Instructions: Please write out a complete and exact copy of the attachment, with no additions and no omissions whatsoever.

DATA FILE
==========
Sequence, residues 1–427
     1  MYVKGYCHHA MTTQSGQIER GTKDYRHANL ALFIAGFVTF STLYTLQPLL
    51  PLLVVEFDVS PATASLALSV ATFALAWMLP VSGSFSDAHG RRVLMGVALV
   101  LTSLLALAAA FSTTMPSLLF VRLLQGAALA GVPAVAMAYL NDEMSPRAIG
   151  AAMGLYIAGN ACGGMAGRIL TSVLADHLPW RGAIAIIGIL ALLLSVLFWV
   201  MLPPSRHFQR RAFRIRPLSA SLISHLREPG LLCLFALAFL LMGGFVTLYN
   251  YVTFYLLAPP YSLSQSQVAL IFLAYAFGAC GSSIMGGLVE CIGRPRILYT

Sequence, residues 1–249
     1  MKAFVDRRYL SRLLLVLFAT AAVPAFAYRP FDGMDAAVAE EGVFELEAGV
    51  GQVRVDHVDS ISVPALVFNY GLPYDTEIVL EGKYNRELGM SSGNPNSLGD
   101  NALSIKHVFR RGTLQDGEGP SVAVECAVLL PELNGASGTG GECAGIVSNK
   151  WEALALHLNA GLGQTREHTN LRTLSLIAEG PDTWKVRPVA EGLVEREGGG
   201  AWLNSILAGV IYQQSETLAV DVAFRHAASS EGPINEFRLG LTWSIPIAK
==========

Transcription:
Sequence, residues 1–427
     1  MYVKGYCHHA MTTQSGQIER GTKDYRHANL ALFIAGFVTF STLYTLQPLL
    51  PLLVVEFDVS PATASLALSV ATFALAWMLP VSGSFSDAHG RRVLMGVALV
   101  LTSLLALAAA FSTTMPSLLF VRLLQGAALA GVPAVAMAYL NDEMSPRAIG
   151  AAMGLYIAGN ACGGMAGRIL TSVLADHLPW RGAIAIIGIL ALLLSVLFWV
   201  MLPPSRHFQR RAFRIRPLSA SLISHLREPG LLCLFALAFL LMGGFVTLYN
   251  YVTFYLLAPP YSLSQSQVAL IFLAYAFGAC GSSIMGGLVE CIGRPRILYT

Sequence, residues 1–249
     1  MKAFVDRRYL SRLLLVLFAT AAVPAFAYRP FDGMDAAVAE EGVFELEAGV
    51  GQVRVDHVDS ISVPALVFNY GLPYDTEIVL EGKYNRELGM SSGNPNSLGD
   101  NALSIKHVFR RGTLQDGEGP SVAVECAVLL PELNGASGTG GECAGIVSNK
   151  WEALALHLNA GLGQTREHTN LRTLSLIAEG PDTWKVRPVA EGLVEREGGG
   201  AWLNSILAGV IYQQSETLAV DVAFRHAASS EGPINEFRLG LTWSIPIAK